KIDS are invited to take part in the Melbourne Writers Festival and discover the power of words this winter.
Across four days, students will pack Melbourne’s Federation Square for the Melbourne Writers Festival’s Schools’ Program.
More than 13,000 Victorian students are expected to make use of the program from Monday August 28 until Thursday August 31.
Festival director and chief executive Lisa Dempster hopes everyone who comes along has fun and learns a bit more about writing and communicating through words.
“The program helps student understand the broader context* of reading and that literacy* can be fun,” she said.
“We hope to spark imagination and fuel curiosity and open up a world of opportunity.”
The Schools’ Program will feature talks with famous authors such as Snot Chocolate author Morris Gleitzman and Fight Like a Girl author Clementine Ford.
“Our artists will engage and inspire young people to discuss books, writing and creativity,” Ms Desmpeter said.
Highly interactive* workshops on slam poetry, reviewing and writing for film and how to get published will also be on offer.
The central city location will allow school groups to discover Melbourne’s famous graffitied laneways during The Writing’s on the Wall walk.
Walkers will see the street art up close and will have to chance to create some of their own work.
With a focus on identity, belonging, bullying and digital lives, organisers are hoping the array of programs will draw classes from early primary all the way to VCE students.
For more information on the Melbourne Writers Festival Schools’ Program visit the website: http://mwf.com.au/schools/schools-program/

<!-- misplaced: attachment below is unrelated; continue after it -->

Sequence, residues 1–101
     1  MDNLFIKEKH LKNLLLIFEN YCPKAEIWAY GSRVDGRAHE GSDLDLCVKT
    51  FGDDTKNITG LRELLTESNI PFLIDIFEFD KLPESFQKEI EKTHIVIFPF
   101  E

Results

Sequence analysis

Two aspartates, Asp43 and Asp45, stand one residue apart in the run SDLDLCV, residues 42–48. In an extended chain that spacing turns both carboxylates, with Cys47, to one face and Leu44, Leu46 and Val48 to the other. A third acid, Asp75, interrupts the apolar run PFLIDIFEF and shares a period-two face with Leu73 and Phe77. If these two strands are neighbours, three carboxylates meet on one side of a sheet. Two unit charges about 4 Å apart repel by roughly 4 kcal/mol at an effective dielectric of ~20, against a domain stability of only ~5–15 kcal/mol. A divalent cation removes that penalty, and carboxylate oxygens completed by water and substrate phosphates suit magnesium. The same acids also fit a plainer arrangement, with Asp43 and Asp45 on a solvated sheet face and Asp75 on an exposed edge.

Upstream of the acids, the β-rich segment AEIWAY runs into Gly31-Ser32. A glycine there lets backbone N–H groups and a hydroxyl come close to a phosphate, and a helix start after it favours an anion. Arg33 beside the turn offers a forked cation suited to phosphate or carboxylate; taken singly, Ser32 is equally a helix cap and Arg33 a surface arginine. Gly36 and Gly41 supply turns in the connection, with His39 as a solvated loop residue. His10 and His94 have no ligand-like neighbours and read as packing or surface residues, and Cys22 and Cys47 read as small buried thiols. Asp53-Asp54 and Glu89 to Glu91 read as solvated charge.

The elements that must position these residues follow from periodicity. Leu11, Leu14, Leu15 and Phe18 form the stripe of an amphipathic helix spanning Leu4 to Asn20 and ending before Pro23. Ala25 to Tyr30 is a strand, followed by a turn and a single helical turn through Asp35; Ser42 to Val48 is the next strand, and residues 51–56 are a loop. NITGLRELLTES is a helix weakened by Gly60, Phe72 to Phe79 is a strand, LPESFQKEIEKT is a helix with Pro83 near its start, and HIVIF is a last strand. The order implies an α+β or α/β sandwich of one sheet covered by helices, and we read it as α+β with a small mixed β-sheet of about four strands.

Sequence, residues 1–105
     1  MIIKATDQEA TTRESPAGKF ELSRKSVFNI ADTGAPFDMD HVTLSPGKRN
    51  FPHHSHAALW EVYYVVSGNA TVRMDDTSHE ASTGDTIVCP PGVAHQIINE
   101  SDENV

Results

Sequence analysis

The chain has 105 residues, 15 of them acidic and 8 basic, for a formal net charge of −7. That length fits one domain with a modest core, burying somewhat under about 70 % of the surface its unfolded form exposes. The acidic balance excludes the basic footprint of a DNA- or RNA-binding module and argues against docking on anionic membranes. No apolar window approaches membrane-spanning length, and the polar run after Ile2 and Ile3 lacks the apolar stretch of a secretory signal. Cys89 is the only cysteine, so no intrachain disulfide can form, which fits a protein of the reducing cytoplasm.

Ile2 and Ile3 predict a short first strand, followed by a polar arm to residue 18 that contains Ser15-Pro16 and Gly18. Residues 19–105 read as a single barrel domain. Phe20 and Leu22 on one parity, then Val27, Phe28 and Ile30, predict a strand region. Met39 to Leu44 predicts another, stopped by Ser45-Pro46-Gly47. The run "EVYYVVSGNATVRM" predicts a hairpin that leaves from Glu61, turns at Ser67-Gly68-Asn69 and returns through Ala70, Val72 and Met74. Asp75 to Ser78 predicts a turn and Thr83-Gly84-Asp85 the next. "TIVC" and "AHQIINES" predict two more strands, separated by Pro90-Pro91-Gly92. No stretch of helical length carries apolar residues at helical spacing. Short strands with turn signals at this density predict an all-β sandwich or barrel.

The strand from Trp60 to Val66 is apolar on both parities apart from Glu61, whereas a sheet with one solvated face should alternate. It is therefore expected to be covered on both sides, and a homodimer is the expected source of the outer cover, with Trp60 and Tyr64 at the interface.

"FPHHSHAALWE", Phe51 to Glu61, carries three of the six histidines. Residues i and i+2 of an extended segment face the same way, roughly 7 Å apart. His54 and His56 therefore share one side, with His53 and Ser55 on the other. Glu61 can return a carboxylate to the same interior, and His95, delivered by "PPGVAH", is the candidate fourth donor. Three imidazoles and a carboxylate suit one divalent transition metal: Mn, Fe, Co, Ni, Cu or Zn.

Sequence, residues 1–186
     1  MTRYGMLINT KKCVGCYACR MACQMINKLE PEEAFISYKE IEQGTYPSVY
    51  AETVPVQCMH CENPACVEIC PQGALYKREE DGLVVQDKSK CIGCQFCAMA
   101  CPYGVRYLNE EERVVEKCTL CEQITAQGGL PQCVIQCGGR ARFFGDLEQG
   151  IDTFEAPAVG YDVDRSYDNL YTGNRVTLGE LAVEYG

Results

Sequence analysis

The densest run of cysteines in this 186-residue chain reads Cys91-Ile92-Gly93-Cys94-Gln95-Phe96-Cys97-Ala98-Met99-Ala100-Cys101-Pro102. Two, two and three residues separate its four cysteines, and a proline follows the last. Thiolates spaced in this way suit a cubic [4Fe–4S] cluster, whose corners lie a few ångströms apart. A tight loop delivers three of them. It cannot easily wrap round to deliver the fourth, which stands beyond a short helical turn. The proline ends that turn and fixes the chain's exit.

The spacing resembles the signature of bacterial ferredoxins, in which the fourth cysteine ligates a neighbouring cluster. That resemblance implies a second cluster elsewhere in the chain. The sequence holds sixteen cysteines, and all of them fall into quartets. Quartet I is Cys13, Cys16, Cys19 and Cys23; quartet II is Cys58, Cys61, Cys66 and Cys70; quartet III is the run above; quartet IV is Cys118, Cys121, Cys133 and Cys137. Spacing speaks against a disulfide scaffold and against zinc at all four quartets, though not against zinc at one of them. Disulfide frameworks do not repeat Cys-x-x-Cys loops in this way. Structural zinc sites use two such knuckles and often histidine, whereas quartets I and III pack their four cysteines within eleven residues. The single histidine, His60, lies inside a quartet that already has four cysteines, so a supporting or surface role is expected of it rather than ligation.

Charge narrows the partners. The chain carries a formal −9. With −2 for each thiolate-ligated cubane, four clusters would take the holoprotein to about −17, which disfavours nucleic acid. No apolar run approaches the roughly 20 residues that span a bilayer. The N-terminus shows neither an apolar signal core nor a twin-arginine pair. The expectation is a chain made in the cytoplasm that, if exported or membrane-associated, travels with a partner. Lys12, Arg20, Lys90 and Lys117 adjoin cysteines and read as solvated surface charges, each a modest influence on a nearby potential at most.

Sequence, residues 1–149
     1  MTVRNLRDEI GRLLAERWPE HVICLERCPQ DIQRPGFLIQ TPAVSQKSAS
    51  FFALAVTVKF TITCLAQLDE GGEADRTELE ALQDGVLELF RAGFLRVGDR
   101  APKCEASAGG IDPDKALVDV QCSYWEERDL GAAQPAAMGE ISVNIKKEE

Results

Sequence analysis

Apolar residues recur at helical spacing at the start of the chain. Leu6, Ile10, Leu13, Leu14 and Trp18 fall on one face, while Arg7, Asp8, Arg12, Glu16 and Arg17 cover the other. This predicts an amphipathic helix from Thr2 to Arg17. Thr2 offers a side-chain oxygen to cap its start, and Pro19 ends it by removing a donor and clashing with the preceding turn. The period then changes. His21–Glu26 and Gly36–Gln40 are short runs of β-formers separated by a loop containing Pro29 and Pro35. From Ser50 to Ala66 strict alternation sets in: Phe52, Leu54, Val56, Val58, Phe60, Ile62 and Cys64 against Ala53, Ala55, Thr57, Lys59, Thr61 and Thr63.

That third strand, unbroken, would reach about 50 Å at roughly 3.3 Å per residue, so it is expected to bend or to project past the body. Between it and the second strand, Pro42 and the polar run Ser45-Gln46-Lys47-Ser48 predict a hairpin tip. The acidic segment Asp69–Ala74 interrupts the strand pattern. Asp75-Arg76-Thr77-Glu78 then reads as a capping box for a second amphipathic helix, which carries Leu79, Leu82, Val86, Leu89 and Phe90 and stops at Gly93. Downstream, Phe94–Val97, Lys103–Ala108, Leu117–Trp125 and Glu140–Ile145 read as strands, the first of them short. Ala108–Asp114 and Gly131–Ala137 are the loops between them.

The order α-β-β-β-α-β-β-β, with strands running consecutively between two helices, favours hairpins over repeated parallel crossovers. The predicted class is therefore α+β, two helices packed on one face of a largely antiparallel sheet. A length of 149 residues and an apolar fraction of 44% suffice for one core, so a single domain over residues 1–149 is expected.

context: background information
literacy: ability to read and write
interactive: able to be changed and experienced
LISTEN TO TODAY’S STORY
Activity 1. Asking Questions
Read the article carefully.
Now write down FIVE questions about the Melbourne Writers Festival that are able to be answered from the news story.
Swap work with a classmate and answer each other’s questions in full sentences.
Explore the Melbourne Writers Festival website (the link is at the bottom of the article) and write two more questions that can only be answered from information on the website but not in the news story.
Time: allow 20 minutes to complete this activity
Curriculum links: English
Activity 2. Writer Profile
There are many talented writers who will be speaking as part of the Melbourne Writers Festival.
Who are some writers that you like?
Choose one and write a profile about them.
The profile should include their name and where they are from, a list of things they have written and an explanation of what it is you like about their writing.
Create a short writing piece in the same style as the writer you chose above.
Time: allow 30 minutes to complete this activity
Curriculum links: English
(Vocabulary, Connectives, Openers and Punctuation)
Writing is very personal and is a great way to de-stress as you can write all your emotions, worries, concerns, anger, celebrations, surprises and hurt down.
Sometimes that’s exactly what we need in order to be able to express ourselves.
Your job is to write a really emotional piece with the focus of either identity, belonging, bullying or digital lives.
These issues have positive and negatives elements — too much screen time, social media bullying, feelings of not belonging or no one caring, to celebrations of students making their own apps, taking a stance against bullying or supporting personal growth.
Pick a topic and write a reflection about a time when something negative has happened to you and how that made you feel or how you helped or supported someone or maybe a good idea you have about making a change for the better.
Use lots of emotive words to express your feelings and connect back to that time.
Your job is to make us understand what you were going through at the time, or what you are currently going through.
Time: allow at least 40 minutes to complete the task
Curriculum Links: English, Big Write, VCOP, Social and Wellbeing